Good morning, everyone!
“Exuberance” is the only word I could think of that adequately described yesterday’s Easter service at the Methodist church I attend in LaConner. The place was packed, many of whom were scattered family members who made use of the Easter holiday to get together. One newer member celebrated her 70th birthday on Easter Sunday, her daughter and family all there to participate in the double celebration. The raised voices, singing some of the church’s finest hymns and choral pieces, the sounds of the two trumpets and organ heralding the news of the Risen Christ and the message of the triumph of light over dark, of life over death, and the engaging sermon featuring Mary Magdalene’s prominence in the Easter story, all contributed to the heightened energy I was feeling which seemed to have nothing to do with any textual questions regarding Jesus’ Physical resurrection. The worshippers seemed way beyond that issue, claiming something bigger. There is more to life then meets the eye. The “exuberance” I felt was the cry of Victory! I was totally impressed and would not have missed it for the world. Several of male friends actually put on ties and suit coats for the occasion.One confessed he hadn’t worn a tie for years. That they did, speaks to something special about the day, yes, and the time.
As I reflected on Sunday morning, I realized that there, right under my nose, something else was happening within the context of the Easter celebration. In one instance it was the heroism of two husbands who had wheeled their invalid wives, both of whom were recovering from major strokes, into the church. This was impressive enough, men seeing to it that their wives could worship with others, but when I began to think of all the preparation necessary just to get there (one husband estimated that it took him almost 4 hours to prepare for the short excursion) my esteem shot up a hundred fold. Add to it, the daily care, the constant lifting and moving, cleaning and cooking, and you’re into realm, a sacred realm, with opportunities to express love for the other in ways that were never envisioned. The other heroic act I encountered was that of a young father carrying for his special-needs daughter. While his wife and 3 other children are upstairs worshipping, singing and praising, he’s downstairs, off to the side, feeding his 4 year old daughter who, unable to swallow or digest, must be fed every 4 hours through a tube directly to her stomach. Furthermore, the formula must be exact, 11 ounces of water and ingredients carefully selected and proportioned. I stayed the with him as he tried to get the sound to the earphones his daughter usually wears as she watches animated films on the small screen attached to her electric wheel chair. The singing from above drew me back to the sanctuary after a few minutes. Upon reflection, I wish now I had stayed there with the young father, maybe even reading him the day’s scripture from Mark 14 and John 20. In the process, though, I’d discovered the third hero of my morning, like the other two, manning a wheelchair.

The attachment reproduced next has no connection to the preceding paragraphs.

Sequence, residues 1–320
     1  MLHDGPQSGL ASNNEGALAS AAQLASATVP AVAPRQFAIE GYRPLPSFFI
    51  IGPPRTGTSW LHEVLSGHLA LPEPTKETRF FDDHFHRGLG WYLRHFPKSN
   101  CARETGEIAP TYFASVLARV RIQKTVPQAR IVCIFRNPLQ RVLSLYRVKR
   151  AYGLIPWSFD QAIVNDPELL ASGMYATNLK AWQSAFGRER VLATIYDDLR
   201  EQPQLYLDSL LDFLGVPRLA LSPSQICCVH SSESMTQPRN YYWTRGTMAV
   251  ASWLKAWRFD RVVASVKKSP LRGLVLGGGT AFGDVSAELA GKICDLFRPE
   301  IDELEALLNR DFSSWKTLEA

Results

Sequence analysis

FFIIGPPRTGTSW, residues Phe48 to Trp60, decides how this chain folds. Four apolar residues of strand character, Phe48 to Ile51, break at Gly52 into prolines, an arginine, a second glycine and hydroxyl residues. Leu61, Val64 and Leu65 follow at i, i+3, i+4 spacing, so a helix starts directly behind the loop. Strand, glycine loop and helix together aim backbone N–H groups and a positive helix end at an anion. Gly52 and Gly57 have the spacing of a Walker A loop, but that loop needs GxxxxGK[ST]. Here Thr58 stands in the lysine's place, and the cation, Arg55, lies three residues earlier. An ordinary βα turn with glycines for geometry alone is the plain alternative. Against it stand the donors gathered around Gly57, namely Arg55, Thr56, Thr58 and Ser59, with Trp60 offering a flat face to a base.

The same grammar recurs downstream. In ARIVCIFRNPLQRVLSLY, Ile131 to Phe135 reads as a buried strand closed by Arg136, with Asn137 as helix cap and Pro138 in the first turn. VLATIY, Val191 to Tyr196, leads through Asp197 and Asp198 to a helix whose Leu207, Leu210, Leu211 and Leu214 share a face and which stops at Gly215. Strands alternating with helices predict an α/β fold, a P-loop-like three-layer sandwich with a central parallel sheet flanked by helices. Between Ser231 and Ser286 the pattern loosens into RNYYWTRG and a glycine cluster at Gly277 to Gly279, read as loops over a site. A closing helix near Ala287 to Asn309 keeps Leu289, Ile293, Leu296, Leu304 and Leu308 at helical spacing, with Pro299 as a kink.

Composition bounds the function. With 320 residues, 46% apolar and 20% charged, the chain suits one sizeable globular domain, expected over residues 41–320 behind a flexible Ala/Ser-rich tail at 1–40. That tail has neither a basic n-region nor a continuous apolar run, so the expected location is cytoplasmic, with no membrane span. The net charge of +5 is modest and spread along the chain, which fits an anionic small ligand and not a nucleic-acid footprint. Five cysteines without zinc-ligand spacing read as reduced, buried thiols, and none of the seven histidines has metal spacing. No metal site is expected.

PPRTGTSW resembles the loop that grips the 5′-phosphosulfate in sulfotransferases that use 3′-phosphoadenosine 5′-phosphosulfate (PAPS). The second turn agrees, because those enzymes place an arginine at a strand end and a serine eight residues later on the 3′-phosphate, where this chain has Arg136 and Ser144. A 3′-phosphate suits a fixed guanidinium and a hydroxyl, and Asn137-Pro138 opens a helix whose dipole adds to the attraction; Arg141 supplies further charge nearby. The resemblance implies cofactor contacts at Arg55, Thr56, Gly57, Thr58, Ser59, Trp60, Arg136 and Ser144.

My day ended with a wonderful Easter dinner in the afternoon with my young friend Chelsea and her 3 yer old daughter, Aisling ,at her parent’s home in Stanwood. Jim’s baked salmon and Mary Pat’s touches with the rice and asparagus were just right. Chelsea’s dessert, a wonderfully rich muffin with a coconut-cream cheese topping, rounded out the meal in splendid holiday fashion. I enjoyed myself immensely, even braving the chilly breeze to hunt for Easter eggs outside with Aisling. We had a good time talking about my experience with Karaoke and Music, one of their loves.
So it was. My day had begun with music, trumpets blaring, and ended with music, a CD of Raul Malo’s wide-ranging voice, one of Jim’s favorites. Altogether a splendid day, with lessons to be learned throughout, on the journey home.
Love always, Bob